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In conversation with Andrew Hamilton SJ

As part of the 30th anniversary of Eureka Street in 2021, and as we have launched Eureka Street Plus in 2022, I’ve been speaking with the team who first started the publication in 1991, alongside various people who have played a part in the Eureka Street story.

The name Andrew Hamilton SJ might be the most recognisable in Australian Catholic media. A Jesuit priest, Andrew Hamilton is the consulting editor of Eureka Street and has been part of the Eureka Street community for the entirety of its existence. He contributed an article to the very first issue of Eureka Street, a piece on Burmese refugees. 

With a weekly column, Hamilton’s work is close to the heart of Eureka Street. Much loved by the readership, his pieces are known for quiet wisdom, balance, and regard for the dignity of all people, especially those most affected by whatever issue is being discussed. Marked by a genuine respect for his interlocutors, his work poses questions designed to inspire reflection and discussion. His work is deeply thought and deeply felt.

But his Eureka Street column represents only a part of his prolific output. He also writes for Australian Catholics, Madonna magazine, and writes pieces on prominent feast days throughout the year which are made available to Catholic publications around Australia.

In all his work, regardless of publication, Andrew shares considerations on human dignity, the importance of accessible language and his hopes for a better world. Every pricky moral question and its implications are debated with a tender approach, placing compassion and care for people at the forefront. ‘I’ve written extensively on refugee issues, something I feel extremely strongly about.’

 

'It’s better to try and find an angle which people to hold quite divergent sides of the same topic. Both groups can find a way in without direct conflict, there’s something in it for both of them.'

 

In this interview, Hamilton discusses his concern for refugees, his writing schedule and how he’s able to be so prolific. An avid cyclist, he also touches on how to make a bicycle spontaneously combust while riding through Scotland.

Some people like to drop the names of illustrious people they’ve met and places they’ve visited in conversation, often symptoms of an over-inflated sense of self. Andy Hamilton is the opposite. He’s lived a vibrant life of scholarship and adventure – read through the backlog of his column and he’ll drop breadcrumbs hinting at this – but you’ll only ever hear about any of it if absolutely pertinent to the discussion at hand. Has he met X person? Probably. he been to X place? Probably.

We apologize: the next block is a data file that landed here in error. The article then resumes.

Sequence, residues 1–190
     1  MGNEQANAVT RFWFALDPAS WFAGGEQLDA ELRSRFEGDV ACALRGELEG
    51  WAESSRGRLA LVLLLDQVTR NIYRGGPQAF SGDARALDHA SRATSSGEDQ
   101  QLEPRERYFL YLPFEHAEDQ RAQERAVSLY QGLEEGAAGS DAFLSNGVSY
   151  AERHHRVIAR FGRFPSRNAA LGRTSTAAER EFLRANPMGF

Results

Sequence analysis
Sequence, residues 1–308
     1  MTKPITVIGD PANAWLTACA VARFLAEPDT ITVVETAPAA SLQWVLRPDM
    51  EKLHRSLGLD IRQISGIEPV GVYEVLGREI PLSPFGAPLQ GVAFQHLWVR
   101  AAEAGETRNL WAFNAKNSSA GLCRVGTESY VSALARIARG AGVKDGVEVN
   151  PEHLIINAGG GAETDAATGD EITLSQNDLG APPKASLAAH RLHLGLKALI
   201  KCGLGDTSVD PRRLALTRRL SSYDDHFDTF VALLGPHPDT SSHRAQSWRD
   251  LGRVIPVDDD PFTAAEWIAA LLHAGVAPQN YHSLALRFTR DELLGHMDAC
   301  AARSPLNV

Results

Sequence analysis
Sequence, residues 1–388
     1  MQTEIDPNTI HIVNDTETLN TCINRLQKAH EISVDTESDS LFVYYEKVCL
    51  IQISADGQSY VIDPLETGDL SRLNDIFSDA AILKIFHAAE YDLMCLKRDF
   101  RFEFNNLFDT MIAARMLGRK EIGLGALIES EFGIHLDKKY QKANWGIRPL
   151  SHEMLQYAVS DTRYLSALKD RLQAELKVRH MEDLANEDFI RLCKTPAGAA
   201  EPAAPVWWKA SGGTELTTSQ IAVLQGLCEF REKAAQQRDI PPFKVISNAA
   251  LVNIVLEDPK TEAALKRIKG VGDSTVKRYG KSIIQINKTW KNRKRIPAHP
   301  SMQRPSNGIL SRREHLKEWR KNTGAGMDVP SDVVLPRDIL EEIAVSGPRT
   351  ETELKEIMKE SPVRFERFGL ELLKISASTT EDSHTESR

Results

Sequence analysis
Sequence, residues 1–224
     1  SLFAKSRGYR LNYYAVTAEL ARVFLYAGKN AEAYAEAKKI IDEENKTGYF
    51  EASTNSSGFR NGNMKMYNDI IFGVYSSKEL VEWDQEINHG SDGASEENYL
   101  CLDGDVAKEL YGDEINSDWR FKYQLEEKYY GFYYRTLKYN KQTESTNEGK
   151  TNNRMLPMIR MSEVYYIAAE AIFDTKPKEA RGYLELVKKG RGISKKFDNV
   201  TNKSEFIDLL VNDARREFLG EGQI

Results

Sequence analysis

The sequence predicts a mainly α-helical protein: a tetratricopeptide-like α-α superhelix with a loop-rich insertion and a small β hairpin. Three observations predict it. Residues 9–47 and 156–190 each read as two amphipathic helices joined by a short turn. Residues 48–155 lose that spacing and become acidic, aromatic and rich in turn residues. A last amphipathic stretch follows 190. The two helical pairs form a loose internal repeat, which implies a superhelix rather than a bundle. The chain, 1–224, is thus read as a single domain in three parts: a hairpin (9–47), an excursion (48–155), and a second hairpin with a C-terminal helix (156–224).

Predating his work with Jesuit Communications, Hamilton taught theology and church history at the United Faculty of Theology in Melbourne. And for decades, he has written on the conditions of asylum seekers in Australia while working with refugee communities. His work with Jesuit Refugee Service ministry has taken him to some of the more dangerous corners of the world including war-torn areas of Cambodia and El Salvador. And his time with refugee communities in Cambodia ‘led me from a theoretical commitment to social justice that fed on anger to focus on the faces of people suffering unjustly.’

Reflecting on his earlier pieces in Eureka Street, Andrew notes that they were often angry in tone, appealing to those who were already convinced of the rightness of his cause. Now, however he notes that ‘it’s better to try and find an angle which people to hold quite divergent sides of the same topic. Both groups can find a way in without direct conflict, there’s something in it for both of them.’

His recent work might avoid embracing anger or moral outrage, but in this discussion, he’s quick to point out, ‘not being angry doesn’t mean you don’t take strong positions either.’

‘I believe in what we’re doing is important. I see myself being very much a servant in that work.’

 

 

View more Eureka Street 30th anniversary interviews on our YouTube channel.  

You can support the work of Eureka Street by donating here. Your donation helps us keep Eureka Street free and open; it allows us pay the contributors, and most importantly it ensures that the unique and values-based content that we offer remains available to all.

 


 

David Halliday is editor of Eureka Street.

Topic tags: David Halliday, Andrew Hamilton, Eureka Street

 

 

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Existing comments

I'm an outsider but I'm attracted to ES by the civility which characterises its articles and most of the commentary. Andrew Hamilton's articles are always a 'must read' for me because, of all ES's contributors, Andrew's demonstrate this best. I don't always agree with them, and sometimes I wish that he would say 'what he really thinks' but I seldom go away regretting having read them. Thank you David for helping me to know Andrew better.


Ginger Meggs | 01 July 2022  

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